An excerpt from Wind in the Willows

Nice? It's the ONLY thing, said the Water Rat solemnly, as he leant forward for his stroke. Believe me, my young friend, there is NOTHING - absolute nothing - half so much worth doing as simply messing about in boats. Simply messing, he went on dreamily: messing - about - in - boats; messing----'
From 'Wind in the Willows' by Kenneth Grahame.

Saturday, 3 March 2012

Trip up the Wey

Had a nice trip up the Wey and back today to introduce three friends to using locks as they are undergoing their Marine and Coastguard Agency (MCA) licence exam to become 'captains' on the John Pinkerton trip boat on the Basingstoke Canal (and there are very few locks on the top section of the Basingstoke but the MCA will examine on the theory of them.)

We used Coxes Mill Lock (nice cross current below the lock), New Haw Lock (awkward lower gate balance beams and fairly agricultural paddles on the top gates which are a bit unforgiving if opened fully too early in the filling of the lock) and Pyrford (nice and benign apart from the gongoozlers who are always there - with beer in hand from the nearby Anchor pub).

Close to the road in New Haw Lock
with Bob in charge
We went on up through Walsham Gates (a turf sided stop lock with the upper gates having old telegraph poles as balance beams) to the Abbey Stream (just below Newark Lock) where we stopped for lunch, turned in the German Stream (never seen the flow so low which just bears out the low water flows in the southeast) and quietly came back down through Pyrford, New Haw and Coxes to be home and finished by 16:00 - a nice 7 hour day.  (In the map below the very small waterway just above the word 'Stream' is what we call the German Stream - it is about 4' deep where it joins the Abbey Stream).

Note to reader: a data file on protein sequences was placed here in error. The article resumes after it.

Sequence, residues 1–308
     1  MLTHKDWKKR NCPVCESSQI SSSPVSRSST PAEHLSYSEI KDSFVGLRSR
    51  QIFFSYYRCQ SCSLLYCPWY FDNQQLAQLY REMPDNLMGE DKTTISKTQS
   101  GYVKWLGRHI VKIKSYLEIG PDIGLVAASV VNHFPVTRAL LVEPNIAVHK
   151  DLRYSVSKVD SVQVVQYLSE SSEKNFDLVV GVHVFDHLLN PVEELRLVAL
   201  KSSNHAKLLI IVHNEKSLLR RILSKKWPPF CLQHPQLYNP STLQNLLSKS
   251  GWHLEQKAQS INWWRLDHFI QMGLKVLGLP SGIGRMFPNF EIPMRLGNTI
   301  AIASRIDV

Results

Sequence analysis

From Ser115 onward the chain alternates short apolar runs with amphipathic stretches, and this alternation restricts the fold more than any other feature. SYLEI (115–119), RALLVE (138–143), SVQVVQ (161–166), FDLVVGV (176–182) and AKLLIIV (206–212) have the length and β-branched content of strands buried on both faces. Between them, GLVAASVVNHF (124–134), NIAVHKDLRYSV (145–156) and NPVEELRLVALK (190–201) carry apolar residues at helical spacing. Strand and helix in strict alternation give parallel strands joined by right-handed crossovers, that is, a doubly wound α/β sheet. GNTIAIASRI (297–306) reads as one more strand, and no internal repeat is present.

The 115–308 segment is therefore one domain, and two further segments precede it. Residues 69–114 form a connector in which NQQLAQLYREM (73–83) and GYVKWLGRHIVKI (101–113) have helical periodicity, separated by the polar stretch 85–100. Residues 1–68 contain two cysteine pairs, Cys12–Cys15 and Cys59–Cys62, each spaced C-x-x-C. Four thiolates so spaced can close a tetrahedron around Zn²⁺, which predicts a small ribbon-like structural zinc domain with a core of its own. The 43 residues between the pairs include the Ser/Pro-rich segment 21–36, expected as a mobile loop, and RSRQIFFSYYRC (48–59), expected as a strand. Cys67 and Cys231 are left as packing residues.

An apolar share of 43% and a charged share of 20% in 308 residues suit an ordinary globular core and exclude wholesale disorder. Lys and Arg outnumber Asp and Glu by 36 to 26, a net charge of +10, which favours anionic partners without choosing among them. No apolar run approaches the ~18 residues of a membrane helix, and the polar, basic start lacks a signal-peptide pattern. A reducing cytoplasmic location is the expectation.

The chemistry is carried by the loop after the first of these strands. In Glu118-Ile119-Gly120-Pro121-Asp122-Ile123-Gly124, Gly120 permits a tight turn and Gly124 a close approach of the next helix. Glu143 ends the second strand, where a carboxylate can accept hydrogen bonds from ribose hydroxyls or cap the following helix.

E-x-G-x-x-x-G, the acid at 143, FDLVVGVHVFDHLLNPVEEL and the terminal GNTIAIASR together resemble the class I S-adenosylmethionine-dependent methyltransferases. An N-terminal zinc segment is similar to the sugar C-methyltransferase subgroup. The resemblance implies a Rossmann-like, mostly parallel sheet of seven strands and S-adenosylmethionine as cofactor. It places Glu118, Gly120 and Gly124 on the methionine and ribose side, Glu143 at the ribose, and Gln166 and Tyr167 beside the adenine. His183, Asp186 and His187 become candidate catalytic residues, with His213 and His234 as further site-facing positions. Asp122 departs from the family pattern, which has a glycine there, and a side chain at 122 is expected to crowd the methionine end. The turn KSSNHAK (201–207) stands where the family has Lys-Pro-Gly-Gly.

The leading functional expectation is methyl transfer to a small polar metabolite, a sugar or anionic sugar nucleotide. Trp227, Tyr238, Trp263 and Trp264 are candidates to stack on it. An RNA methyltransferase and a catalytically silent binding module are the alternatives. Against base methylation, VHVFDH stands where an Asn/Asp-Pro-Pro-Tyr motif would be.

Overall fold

The Abbey Stream
Coxes Mill with the tumblebay










All of us horrified at the antics of a canoe club (Addlestone perhaps - I think when looking at their website it almost certainly was them) who were jumping off the lower wing wall of Coxes Mill Lock (the deepest unmanned lock on the Wey at 8' 6") into the tail of the lock below the lower gates (who knows what's down there) and then later (probably because we were using the lock) coming down the tumblebay (perhaps 2 inches deep) four up in a two man kayak with two in the kayak and two astride the kayak.  Just asking for a fairly serious injury I think but luckily during the period we were there no injuries.

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